At the same time, Gerwig admits to some personal disappointment about being overlooked, and sadness about the other female filmmakers whose movies were also shut out. “It’s always a bummer, because of course it’s nice to be recognized. But there was so much beautiful work done this year by women filmmakers — truly extraordinary, groundbreaking work, and I would love to see that recognized. It deserves to be placed there alongside all the other work.”
It’s worth noting that Oscar voters still have a chance to make up for the HFPA’s oversight, just as they did two years ago when Gerwig received a Best Director nomination for Lady Bird. Even if her own name isn’t announced on the morning of Oscar nominations, the director has a list of female-made films she’d love to see recognized, including Portrait of a Lady on Fire, Queen & Slim, The Farewell, Atlantics and Hustlers. “I hope it happens for these films. I think everyone’s trying to figure that out.”
Gerwig also sees reason for hope in this year’s report from the USC Annenberg Inclusion Initiative, which monitors diversity in front of and behind the camera in major Hollywood productions. Founded by Stacy L. Smith, the just-released 2019 study revealed major gains for female directors. 10.6 percent of the directors behind the year’s top-grossing movies were women, the highest percentage in 13 years. “The work’s getting done and it’s getting done on a larger scale than before, which is important,” emphasizes Gerwig. “It’s all going in the right direction. And if people want to give ladies trophies, I am in full support of that!”
But awards chatter is ultimately less important to Gerwig than moviegoers’ enjoyment. Lady Bird proved a big hit with audiences, earning almost $50 million at the domestic box office on a $10 million budget. Little Women is similarly aimed to delight the widest possible crowd, even those unfamiliar with Alcott’s novel or any of the previous big-screen versions. “I really can say, ‘I think you’ll love your time in the movie theater,’” Gerwig tells prospective viewers. “I think it’s a movie that makes you happy, makes you cry and makes you feel warm and achy at the same time. It’s also something that I really hope inspires people. I want them to have this feeling of having gone on this epic journey, and then wanting to write or make their own stories.”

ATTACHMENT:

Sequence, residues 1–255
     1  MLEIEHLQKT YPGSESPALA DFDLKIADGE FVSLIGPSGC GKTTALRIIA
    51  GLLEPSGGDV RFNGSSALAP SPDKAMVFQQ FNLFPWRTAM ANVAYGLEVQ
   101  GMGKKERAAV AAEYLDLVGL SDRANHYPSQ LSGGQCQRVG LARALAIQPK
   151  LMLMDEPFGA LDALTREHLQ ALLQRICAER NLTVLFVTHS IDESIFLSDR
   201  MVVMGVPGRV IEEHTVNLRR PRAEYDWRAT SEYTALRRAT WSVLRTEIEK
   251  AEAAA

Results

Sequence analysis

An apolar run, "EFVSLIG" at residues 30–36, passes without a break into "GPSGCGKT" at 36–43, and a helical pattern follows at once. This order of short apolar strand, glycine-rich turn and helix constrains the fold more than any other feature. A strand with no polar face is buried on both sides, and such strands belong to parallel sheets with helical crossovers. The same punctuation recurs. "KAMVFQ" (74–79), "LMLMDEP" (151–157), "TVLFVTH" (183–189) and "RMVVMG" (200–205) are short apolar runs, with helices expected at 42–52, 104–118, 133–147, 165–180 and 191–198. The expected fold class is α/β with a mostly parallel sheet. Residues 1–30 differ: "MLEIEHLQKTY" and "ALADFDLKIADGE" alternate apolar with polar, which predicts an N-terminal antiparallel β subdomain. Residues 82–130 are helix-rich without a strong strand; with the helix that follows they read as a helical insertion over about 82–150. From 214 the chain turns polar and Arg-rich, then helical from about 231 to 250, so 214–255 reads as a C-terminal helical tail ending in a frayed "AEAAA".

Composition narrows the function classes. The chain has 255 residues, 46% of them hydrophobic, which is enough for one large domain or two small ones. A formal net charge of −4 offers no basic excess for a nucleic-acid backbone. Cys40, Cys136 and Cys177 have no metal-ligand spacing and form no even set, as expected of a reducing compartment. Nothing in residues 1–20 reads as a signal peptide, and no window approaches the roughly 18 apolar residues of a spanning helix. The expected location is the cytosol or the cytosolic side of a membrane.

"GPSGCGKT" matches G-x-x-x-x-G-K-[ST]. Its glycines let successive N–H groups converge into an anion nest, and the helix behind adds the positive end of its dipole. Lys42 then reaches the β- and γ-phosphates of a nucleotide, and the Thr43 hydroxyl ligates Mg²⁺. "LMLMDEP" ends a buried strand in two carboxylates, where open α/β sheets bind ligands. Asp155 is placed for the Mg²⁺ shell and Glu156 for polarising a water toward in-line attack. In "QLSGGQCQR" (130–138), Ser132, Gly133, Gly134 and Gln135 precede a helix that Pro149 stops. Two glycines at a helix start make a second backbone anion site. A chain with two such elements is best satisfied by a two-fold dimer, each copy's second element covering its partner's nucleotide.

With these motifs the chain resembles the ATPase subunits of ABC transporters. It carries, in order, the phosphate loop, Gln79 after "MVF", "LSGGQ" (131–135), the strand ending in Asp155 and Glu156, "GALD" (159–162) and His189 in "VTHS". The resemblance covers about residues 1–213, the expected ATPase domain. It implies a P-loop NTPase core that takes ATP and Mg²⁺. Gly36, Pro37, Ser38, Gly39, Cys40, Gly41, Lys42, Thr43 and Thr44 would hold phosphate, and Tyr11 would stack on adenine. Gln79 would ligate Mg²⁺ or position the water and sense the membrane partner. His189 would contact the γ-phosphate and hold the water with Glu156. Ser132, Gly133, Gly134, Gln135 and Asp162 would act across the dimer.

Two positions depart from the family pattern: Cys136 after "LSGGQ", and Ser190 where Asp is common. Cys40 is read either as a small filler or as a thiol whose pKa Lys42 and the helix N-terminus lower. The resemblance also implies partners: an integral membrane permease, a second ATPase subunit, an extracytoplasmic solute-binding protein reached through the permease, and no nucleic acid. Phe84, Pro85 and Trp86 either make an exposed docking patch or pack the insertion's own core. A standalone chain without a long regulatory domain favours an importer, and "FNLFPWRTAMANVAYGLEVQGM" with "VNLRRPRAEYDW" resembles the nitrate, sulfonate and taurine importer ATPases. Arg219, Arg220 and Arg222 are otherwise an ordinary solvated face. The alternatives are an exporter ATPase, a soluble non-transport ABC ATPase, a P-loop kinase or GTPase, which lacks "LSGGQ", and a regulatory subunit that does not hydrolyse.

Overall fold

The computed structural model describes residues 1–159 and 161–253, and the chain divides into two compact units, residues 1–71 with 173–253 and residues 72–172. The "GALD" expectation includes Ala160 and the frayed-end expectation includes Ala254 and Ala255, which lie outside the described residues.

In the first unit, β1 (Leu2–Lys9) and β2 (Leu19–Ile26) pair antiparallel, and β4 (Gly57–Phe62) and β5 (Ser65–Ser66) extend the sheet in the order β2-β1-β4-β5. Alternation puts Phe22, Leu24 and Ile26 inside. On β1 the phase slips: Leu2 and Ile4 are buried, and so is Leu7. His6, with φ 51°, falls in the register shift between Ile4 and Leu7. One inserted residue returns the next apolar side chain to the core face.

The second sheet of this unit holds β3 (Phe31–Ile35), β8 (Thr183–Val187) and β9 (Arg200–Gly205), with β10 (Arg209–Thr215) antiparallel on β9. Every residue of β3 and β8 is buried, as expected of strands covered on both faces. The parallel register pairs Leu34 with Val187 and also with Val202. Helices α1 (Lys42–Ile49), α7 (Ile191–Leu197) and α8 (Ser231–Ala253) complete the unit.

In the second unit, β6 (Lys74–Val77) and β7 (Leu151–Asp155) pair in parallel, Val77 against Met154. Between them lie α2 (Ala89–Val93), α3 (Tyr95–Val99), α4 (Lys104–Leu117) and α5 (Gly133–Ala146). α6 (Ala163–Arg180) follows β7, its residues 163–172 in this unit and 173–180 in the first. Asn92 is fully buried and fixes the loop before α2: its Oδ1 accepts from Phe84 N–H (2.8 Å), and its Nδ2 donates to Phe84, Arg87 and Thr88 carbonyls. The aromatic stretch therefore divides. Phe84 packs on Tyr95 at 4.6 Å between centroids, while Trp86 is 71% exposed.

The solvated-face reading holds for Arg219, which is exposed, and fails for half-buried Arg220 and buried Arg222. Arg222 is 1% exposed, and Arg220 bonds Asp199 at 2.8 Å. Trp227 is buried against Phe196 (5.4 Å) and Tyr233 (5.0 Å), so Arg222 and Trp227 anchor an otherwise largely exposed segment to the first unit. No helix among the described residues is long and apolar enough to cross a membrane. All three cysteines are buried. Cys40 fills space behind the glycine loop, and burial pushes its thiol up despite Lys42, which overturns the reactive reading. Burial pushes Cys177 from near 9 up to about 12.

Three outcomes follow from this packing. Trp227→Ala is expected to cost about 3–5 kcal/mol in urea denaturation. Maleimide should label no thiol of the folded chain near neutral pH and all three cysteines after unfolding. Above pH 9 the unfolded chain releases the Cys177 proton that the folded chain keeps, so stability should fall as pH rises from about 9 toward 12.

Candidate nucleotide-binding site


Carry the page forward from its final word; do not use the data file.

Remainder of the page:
That’s the message that Gerwig took away from Alcott’s book as a young reader, and it informs every story she chooses to tell as an adult. “I’ve been lucky to make movies that are all mine, and are personal and idiosyncratic,” she says, while also noting that that sometimes presents a challenge when she’s pitching to Hollywood executives looking for more of the same. “Everything’s an uphill battle, but I like surprising people and I like needing to win people over. That’s a good place to have to be.”